South Atlantic Water Science Center (SAWSC)

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Sean Egen, hydrologic technician, installs a storm tide sensor at River Dunes Marina in Pamlico County, NC
September 6, 2019

Storm Tide Sensor Installation, Pamlico County, NC

Sean Egen, hydrologic technician, installs a storm tide sensor
at River Dunes Marina in Pamlico County, NC

USGS hydrologist driving boat to a water sampling site.
July 16, 2019

USGS hydrologists use boats to access sites for water sampling.

Cristal Younker of the SAWSC drives a boat to site 02226160, Altamaha River at Everett City, Georgia, to collect samples for the National Water Quality Program (NWQP) trends sampling. The NWQP provides an understanding of water-quality conditions; whether conditions are getting better or worse over time; and how natural features and human activities affect those conditions

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USGS hydrologist preparing a water sample for DNA analysis.
July 16, 2019

DNA analysis of water samples can indicate sources of pollution.

Anna McKee of the SAWSC, Norcross, GA, prepares DNA from water samples to test for bacteria that indicate sources of fecal contamination. Understanding the sources of contamination can help target mitigation and outreach efforts.

USGS hydrologic technicians prepare water samples for analysis.
July 16, 2019

Studying water quality involves lab work to prepare and analyze water.

Kelsey Simmons and Kaamilya Najeeullah of the SAWSC prepare a sample from site 02336240 S.F Peachtree Creek Johnson Rd, near Atlanta, GA. The sample is part of routine water-quality monitoring for water-shed protection in Dekalb County, GA.

Map shows 10.3.18 flood event viewer data for Hurricane Florence
October 3, 2018

USGS science on a map of the Carolinas after Hurricane Florence

This flood event viewer map, dated Oct. 3, 2018, shows the extent and type of information collected by USGS hydrologists in North and South Carolina in the wake of historic flooding brought on by Hurricane Florence.

A hydrographer checks a high water mark on a door frame
September 25, 2018

Double-checking a high water mark on a church door near Maxton, NC

USGS hydrographer Daniel McCay uses a level to double-check a high water mark on a church door near Maxton, NC as his USGS colleague Mary Winsor observes on Sept. 25, 2018, in the wake of flooding brought on by Hurricane Florence.

A hydrographer marks a high water mark on the eaves of a church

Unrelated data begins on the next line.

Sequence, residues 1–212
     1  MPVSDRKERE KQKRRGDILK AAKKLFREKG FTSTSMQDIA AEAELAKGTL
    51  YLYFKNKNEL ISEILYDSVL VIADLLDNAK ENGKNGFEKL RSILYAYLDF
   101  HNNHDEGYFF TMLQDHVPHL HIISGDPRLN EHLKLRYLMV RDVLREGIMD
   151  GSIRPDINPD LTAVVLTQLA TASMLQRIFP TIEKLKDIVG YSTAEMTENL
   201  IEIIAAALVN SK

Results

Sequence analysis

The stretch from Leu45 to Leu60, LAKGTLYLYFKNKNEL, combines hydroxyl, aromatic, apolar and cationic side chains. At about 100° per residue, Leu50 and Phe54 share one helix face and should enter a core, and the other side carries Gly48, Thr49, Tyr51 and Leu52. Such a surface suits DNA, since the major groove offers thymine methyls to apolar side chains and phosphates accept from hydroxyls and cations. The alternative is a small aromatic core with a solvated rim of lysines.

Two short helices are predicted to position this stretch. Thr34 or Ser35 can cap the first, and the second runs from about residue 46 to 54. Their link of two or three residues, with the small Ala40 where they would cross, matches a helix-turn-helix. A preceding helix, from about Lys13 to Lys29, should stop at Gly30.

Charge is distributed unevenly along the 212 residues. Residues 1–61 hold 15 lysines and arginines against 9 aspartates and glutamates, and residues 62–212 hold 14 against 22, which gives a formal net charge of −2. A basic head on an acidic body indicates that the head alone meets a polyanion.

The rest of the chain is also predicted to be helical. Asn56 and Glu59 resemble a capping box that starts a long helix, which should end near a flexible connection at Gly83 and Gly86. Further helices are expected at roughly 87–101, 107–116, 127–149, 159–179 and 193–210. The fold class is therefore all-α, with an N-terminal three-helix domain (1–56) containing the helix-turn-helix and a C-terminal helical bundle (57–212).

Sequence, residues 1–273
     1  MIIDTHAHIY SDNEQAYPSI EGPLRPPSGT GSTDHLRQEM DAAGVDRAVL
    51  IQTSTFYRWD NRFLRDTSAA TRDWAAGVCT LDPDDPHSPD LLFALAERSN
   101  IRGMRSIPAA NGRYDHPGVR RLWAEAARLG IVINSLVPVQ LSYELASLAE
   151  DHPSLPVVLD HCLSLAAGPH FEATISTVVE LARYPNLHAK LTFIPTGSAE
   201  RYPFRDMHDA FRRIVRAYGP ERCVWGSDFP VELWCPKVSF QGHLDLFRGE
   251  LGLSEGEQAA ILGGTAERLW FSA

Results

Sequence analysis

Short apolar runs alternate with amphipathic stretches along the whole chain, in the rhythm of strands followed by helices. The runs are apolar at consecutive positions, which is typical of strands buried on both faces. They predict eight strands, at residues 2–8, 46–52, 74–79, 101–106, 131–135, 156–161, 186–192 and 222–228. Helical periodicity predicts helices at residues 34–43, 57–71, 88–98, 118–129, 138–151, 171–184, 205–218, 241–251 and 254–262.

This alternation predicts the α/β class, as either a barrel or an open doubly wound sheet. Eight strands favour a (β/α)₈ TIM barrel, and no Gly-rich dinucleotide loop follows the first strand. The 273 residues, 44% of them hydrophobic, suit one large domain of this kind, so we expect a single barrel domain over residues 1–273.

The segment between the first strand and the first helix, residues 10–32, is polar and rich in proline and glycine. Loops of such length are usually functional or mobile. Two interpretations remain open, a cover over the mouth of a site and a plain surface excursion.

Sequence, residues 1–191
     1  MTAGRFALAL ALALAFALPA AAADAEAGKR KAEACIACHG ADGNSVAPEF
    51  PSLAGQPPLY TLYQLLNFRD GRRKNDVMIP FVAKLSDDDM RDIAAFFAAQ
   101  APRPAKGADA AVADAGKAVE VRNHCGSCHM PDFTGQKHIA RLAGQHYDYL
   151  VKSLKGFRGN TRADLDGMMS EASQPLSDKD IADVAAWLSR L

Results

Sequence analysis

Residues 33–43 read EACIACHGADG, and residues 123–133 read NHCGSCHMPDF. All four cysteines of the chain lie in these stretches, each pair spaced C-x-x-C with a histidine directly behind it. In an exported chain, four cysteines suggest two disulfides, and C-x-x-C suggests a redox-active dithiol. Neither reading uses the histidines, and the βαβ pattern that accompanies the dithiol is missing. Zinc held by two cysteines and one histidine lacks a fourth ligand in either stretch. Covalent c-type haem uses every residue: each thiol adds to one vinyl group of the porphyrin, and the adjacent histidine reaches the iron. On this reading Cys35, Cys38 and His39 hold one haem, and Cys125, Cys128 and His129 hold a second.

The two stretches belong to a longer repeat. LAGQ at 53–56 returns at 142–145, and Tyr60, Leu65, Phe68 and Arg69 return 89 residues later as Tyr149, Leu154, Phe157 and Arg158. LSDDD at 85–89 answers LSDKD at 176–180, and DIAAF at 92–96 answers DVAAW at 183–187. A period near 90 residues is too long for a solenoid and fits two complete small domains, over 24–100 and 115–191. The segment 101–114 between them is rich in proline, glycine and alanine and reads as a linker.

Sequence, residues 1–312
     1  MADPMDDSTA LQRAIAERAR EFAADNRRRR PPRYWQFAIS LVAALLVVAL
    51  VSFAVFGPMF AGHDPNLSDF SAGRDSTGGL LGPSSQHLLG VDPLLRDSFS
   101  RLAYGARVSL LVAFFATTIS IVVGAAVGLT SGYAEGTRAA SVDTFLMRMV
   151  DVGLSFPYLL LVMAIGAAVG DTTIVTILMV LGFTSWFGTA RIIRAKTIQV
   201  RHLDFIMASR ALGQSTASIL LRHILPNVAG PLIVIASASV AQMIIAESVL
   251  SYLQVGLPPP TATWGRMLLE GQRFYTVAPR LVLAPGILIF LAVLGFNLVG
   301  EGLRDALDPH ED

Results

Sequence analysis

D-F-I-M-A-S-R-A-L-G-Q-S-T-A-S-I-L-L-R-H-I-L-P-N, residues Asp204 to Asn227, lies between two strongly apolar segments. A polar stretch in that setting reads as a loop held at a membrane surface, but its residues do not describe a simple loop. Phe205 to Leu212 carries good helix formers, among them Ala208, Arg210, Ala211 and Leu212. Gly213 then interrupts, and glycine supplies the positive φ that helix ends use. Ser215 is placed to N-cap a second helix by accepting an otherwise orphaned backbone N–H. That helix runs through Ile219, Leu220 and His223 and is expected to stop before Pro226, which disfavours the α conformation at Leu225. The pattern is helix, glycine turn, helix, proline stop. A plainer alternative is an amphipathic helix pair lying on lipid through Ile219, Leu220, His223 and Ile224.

September 21, 2018

A high water mark above the eaves of a Spring Hill, NC house

USGS hydrologic technician Rob Forde flags a high water mark above the eaves at Presbyterian Church of the Covenant, 118 Manchester Road, Spring Hill, North Carolina on Sept. 21, 2018, in the wake of flooding brought on by Hurricane Florence.

A hydrographer kneels in water to measure a high water mark on a wall.
September 18, 2018

Measuring a high water mark as flooding recedes

USGS hydrographer Kyle Marchman measures a high water mark on the rear wall of a Kangaroo gas station on Highway 24 north of Fayetteville, NC on Sept. 18, 2018, after flooding caused by Hurricane Florence.

USGS intern James Stonecypher measures Lumber River floodwaters
September 17, 2018

Measuring the Lumber River floodwaters

James Stonecypher measures flood waters from the Lumber River that breached a dam in Lumberton, North Carolina after the passage of Hurricane Florence, Sept. 17, 2018. 

Map of USGS streamgages at or over flood stage in NC Sept. 19, 2018
September 16, 2018

As Florence rains, rivers keep rising, submerging some USGS instrument

A WaterWatch web map shows streamgages in North and South Carolina that approached or exceeded major flood stage EST on September 19, 2018, as the former Hurricane Florence, now downgraded to a tropical depression, deluged the states with rain.

USGS scientist takes measurement in a flooded NC creek
September 16, 2018

Working to keep vital flood information flowing in the Carolinas

David Stillwell, USGS hydrologic technician, performs a discharge measurement to help document and forecast flooding caused by Hurricane Florence at Long Creek in Rhyne, North Carolina on Sept. 16. 

 

Installing a storm-tide sensor as Hurricane Florence heads for North Carolina
September 10, 2018

USGS Scientists Get Ready for Hurricanes

A USGS hydrologic scientist installs a storm-tide sensor near the North Carolina coast as Hurricane Florence approaches.